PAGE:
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Linda Lembke announces Thursday at the United Way in Fargo the launching of a new pilot program that will rate daycares and child care providers in the Fargo-Moorhead area. The Quality Rating and Improvement System is the first of its kind in North Dakota. David Samson/The Forum

United Way sponsors pilot program for rating childcare

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Discerning parents may soon have an easier way to find quality child care in the Fargo-Moorhead area.

The United Way of Cass-Clay announced Thursday, Nov. 12, its plan to launch in January a Quality Rating and Improvement System pilot project for child care assessment.

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The QRIS is a "quality program that goes above and beyond standards," said Ruby Kolpack, a child care licensing specialist with Cass County Social Services.

"Quality child care equals success for children," she said.

It is the first such program in North Dakota, which will join the ranks of 19 other states that either have fully implemented the program or are starting pilots of their own.

Moorhead, Minn.-based Prairies Community Action Agency Child Care Resource and Referral, which received a $135,000 grant from United Way, will kick off the QRIS pilot program.

According to the United Way, QRIS is a program that provides opportunities and incentives to child care providers and assists them in providing quality and enriching environments for children. Each participating child care site is reviewed on a regular basis and is graded using a rating system.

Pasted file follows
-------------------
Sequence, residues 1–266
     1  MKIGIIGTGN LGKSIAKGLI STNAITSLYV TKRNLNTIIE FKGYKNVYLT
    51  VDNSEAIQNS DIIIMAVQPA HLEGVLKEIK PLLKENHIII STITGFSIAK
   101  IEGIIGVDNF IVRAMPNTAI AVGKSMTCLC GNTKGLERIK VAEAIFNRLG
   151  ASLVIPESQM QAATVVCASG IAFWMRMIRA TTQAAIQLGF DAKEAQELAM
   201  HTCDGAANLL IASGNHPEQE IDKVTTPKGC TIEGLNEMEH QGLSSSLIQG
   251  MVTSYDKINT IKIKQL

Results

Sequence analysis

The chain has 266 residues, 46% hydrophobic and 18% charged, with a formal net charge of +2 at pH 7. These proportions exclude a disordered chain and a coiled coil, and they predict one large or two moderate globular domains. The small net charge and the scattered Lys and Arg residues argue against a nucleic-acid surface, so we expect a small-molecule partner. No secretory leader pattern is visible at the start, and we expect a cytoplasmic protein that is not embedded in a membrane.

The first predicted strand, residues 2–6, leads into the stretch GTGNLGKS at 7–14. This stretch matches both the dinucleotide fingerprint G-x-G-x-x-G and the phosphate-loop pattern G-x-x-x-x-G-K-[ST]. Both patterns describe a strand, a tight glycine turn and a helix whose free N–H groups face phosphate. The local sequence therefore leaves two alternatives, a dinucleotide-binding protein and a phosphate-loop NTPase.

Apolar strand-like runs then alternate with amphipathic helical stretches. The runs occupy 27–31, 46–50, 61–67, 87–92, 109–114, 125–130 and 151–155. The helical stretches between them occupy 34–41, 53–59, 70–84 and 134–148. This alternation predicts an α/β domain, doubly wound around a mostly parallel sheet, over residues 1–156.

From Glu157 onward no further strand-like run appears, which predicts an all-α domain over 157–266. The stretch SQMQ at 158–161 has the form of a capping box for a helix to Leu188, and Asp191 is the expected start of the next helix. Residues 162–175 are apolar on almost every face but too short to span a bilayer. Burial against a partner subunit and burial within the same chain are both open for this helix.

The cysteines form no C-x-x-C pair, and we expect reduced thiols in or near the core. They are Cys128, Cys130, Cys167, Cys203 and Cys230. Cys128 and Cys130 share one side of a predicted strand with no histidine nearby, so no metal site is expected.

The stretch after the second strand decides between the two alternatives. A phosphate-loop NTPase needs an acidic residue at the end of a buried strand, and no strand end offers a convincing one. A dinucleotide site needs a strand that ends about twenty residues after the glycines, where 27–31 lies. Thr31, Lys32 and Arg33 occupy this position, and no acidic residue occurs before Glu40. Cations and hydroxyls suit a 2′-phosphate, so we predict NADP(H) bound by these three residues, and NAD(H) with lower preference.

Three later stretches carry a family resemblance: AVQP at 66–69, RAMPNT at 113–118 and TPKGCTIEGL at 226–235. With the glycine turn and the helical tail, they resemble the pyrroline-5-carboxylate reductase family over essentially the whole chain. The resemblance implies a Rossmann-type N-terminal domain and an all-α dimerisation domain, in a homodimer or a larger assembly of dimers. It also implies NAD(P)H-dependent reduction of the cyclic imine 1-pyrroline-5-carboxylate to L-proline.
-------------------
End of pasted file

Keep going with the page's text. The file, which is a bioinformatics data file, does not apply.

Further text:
Linda Lembke, director of Child Care Resources and Referral, explained that there are five components to the QRIS program: standards, monitoring and accountability, program and practitioner support, fiscal incentives, and parent and consumer education.

Home-based and center-based child care providers will receive grants ranging from $2,000 to $12,000 as incentives to support and keep quality care.

Providers will then be rated on a scale of one to five stars, allowing parents to get a basic idea of the quality of child care given.

The United Way's sponsoring of the pilot program was spurred by North Dakota legislation last session in which Bill 1418 was passed supporting an increase in training and recruiting for child care workers, but that did not include a rating system.

"We are delighted to be investing in this pilot," said Judy Green, United Way of Cass-Clay president.

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